“These cells are in charge of the immune department,” she said. “They regulate the immune system. They’re the boss, the director.”
“They are supposed to tell the body, ‘That’s a virus. Kill it,’ or ‘That’s a food, leave it alone,’” she said.
“Laboratory evidence shows that if you expose the regulator cells to severe emotional stress, for example, the number of cells will go down,” she said. Some viruses and chemicals may kill the cells. Women who have been raped or who have suffered some other serious emotional trauma, such as the death of a loved one, experience a temporary drop in regulator cells, Saifer said.
When there are not enough regulator cells, the immune system “goes berserk,” she said, and “we begin to see reactions to everything,”
When the system fails, she said, the body acts as though it is overloaded and seeks to reject everything, even such essentials as food and water.
Suppression of the regulator cells leaves the victim vulnerable to universal reactivity and “the patient may quite literally become allergic to everything in his environment,” Saifer said.
The victim also becomes hypersensitive, reacting to chemicals that would not even be noticed by others.
During one interview, Matt Thompson, who has been here for about a year, became visibly ill because of the presence of a reporter, even though the reporter had showered twice just prior to the interview. Thompson’s eyes grew puffy, his complexion pasty and he began slurring his words while sitting outdoors about 10 feet away.
The reporter had complied with instructions not to wear any scented deodorants, like shaving lotion, and had taken special precautions against provoking reactions.
Thompson, who had to leave after talking for no more than 20 minutes, concluded that ordinary laundry soaps absorbed by the reporter’s clothing caused his reaction. But it could have been any number of things. Thompson is allergic to Pat Canon, for instance, possibly because her body produces higher quantities of yeast than normal, a common problem among universal reactors.
Sensitivity is so acute that even a plastic table top may cause a reaction. Many materials, including plastics, synthetic fabrics and even metals, have volatile components that evaporate in a process called “outgassing.” These components may be inhaled, causing an allergic reaction.
“Have you ever smelled a new plastic shower curtain?” Saifer asked. The odor the curtain gives off is from “outgassing.”
The only treatment at this point is to reduce the number of “environmental insults” as much as possible - a treatment that Saifer finds grossly inadequate.
“The treatment is lousy,” she said. “Sending people off to the woods is not my idea of an answer.”
While it may be lousy, that treatment, in most cases, seems to work.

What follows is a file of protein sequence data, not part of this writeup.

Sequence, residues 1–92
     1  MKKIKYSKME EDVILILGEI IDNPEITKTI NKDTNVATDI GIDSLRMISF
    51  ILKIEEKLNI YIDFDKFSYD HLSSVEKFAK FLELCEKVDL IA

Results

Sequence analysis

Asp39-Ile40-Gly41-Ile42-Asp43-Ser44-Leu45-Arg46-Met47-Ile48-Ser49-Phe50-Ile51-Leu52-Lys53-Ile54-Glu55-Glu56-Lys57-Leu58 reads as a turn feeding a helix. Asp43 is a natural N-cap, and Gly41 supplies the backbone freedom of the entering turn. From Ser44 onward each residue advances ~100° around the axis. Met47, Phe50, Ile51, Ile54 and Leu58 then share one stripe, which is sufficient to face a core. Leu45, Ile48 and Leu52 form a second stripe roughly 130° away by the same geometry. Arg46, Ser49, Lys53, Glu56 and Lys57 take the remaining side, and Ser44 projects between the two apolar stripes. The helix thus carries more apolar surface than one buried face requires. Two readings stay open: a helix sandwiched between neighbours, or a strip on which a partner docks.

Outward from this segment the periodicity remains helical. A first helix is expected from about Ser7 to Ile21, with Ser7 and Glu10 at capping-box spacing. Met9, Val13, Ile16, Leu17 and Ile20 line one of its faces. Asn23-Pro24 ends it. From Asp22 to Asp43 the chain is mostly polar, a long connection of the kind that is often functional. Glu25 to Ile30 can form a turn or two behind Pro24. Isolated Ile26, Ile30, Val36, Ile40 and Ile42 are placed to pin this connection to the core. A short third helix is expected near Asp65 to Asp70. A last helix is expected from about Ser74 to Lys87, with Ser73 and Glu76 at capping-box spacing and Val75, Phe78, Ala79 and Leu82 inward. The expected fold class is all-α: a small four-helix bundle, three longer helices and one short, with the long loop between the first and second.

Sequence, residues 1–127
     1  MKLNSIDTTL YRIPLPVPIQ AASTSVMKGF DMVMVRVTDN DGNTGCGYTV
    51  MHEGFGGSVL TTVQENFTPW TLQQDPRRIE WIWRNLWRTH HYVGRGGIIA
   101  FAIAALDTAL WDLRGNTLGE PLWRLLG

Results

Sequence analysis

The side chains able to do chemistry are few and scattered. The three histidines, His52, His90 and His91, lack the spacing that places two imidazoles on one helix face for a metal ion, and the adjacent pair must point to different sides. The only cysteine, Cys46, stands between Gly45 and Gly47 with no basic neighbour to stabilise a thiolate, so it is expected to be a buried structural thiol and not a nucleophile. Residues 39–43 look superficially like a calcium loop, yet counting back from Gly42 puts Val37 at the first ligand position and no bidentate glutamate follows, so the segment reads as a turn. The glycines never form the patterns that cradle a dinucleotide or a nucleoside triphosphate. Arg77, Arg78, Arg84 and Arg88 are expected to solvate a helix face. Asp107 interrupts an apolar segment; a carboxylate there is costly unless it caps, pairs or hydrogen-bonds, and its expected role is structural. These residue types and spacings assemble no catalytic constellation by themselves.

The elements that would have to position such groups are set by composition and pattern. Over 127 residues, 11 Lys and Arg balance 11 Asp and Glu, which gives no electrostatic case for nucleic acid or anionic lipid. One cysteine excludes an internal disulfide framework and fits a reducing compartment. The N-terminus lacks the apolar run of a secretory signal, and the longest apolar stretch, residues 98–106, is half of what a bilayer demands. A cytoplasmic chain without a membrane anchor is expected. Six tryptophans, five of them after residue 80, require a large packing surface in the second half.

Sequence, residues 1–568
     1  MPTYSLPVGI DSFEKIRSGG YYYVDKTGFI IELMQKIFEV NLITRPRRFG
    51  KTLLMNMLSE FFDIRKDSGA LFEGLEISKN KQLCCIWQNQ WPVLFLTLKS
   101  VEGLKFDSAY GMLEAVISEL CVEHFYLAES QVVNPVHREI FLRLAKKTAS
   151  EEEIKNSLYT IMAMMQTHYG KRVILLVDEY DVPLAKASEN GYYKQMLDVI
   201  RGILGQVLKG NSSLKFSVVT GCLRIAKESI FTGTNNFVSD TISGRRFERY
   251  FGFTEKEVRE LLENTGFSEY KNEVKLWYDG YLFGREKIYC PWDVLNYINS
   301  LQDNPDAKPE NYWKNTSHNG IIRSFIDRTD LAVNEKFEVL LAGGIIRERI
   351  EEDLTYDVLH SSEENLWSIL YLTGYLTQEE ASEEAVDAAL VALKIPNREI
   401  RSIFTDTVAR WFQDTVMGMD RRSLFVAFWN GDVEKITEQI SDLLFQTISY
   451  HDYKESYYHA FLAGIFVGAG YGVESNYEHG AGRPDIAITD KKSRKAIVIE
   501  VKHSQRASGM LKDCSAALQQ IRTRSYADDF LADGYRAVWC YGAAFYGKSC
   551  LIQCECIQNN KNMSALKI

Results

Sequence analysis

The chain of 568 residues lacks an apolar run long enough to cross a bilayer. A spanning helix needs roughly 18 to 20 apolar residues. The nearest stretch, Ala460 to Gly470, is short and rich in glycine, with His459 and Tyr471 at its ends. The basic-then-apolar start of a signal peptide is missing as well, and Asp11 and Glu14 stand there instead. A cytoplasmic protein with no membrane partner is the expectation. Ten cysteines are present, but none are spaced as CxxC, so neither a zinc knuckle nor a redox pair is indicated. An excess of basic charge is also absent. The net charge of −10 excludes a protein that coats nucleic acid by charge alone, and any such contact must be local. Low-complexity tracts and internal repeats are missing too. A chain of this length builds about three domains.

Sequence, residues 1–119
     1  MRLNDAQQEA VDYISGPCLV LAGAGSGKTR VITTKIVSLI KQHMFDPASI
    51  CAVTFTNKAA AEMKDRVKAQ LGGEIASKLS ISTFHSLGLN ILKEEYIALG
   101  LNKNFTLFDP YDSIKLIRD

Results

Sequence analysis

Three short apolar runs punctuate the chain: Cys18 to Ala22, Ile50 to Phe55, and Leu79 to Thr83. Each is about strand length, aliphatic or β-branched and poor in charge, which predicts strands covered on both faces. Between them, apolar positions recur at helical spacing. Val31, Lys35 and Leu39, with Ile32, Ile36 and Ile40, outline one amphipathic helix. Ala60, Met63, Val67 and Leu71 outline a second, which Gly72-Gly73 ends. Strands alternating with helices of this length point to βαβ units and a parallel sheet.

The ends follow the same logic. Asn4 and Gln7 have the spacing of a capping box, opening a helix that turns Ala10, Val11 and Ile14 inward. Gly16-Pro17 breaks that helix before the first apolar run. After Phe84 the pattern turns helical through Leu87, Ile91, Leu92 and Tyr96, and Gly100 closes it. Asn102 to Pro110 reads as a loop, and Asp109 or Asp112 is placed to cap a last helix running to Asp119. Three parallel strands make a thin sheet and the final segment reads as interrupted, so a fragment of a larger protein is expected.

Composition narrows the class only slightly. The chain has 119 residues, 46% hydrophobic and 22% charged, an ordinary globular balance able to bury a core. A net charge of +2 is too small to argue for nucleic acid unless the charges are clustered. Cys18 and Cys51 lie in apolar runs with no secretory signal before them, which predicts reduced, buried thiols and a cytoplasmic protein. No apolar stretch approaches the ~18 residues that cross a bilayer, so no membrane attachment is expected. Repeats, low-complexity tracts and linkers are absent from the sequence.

Weakened by Disease
Carlye Runyon, 49, a former schoolteacher, sought refuge here three years ago after the disease had confined her to bed, where she spent most of her time crying. The disease had left her so weakened that there were times when she could not hear the phone ringing while sitting right next to it.
She is considerably better today, though far from cured.
“There seems to be an element of time involved,” she said as she sat outside the “chemically safe” duplex she shares with other universal reactors. “Our bodies need to live a less toxic life.”
After two or three years, she said, most people improve.
“If you get away from all these insults and lower the load that the body has to deal with, the immune system may recover,” Dr. Saifer said. “Some healing may go on. You may be able to cope again.”
Runyon, who has a master’s degree in education, is not unlike most of those who have sought the cleaner environment of Mount Shasta in a desperate effort to recover from their disease. Most are bright, well educated, professionally oriented people.
That has led to speculation that the disease is more mental than physical, striking those who are unable to cope with the pressures of life in modern America. Saifer, for one, scoffs at that notion, contending that the Mount Shasta colony is atypical.
“These are the rare birds,” she said.
The most plausible explanation, Saifer contends, is that brighter, better educated people are more likely to discover the true nature of their illness.
Most of the people here seem to have figured it out for themselves after an extensive history of erroneous medical opinions.
“Most of these people have seen a lot of doctors,” Saifer said.
Those who are unable to figure it out stand a good chance of winding up in a mental institution, she added. Or, as Runyon concluded, on skid row.
Thompson, 29, said repeated responses to various elements led him to conclude - accurately, as it turned out - that he was suffering from extreme allergic reactions to the environment.
“A pattern sets up,” Thompson said. “I found that each time I got behind a diesel truck, I got sick.”
Thompson’s problems are so acute at this stage that he cannot even associate with many other universal reactors. He spends much of his time far up the slopes of Mt. Shasta, alone.
“There’s no one I can be with,” he said.
Not only can the attempt to define the illness be very frustrating for universal reactors, it can be expensive.
Olivia Blatt, who moved here three years ago with her husband and two sons, said she spent $35,000 trying “to exhaust the possibilities.”
Felt Life Was Over